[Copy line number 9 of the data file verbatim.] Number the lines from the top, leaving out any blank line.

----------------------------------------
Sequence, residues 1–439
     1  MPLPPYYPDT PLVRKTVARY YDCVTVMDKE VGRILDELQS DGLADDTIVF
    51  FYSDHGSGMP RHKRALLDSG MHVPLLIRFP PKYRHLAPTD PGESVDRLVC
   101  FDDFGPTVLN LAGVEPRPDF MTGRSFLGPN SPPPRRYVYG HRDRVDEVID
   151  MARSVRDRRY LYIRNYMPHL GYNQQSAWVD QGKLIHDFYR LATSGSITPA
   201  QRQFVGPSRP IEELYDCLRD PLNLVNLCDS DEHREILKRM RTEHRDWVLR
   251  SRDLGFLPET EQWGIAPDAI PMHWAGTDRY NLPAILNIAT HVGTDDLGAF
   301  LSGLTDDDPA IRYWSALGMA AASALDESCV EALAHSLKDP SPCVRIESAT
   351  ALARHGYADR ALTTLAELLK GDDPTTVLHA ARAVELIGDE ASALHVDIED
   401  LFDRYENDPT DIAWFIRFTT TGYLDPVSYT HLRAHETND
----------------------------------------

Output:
   351  ALARHGYADR ALTTLAELLK GDDPTTVLHA ARAVELIGDE ASALHVDIED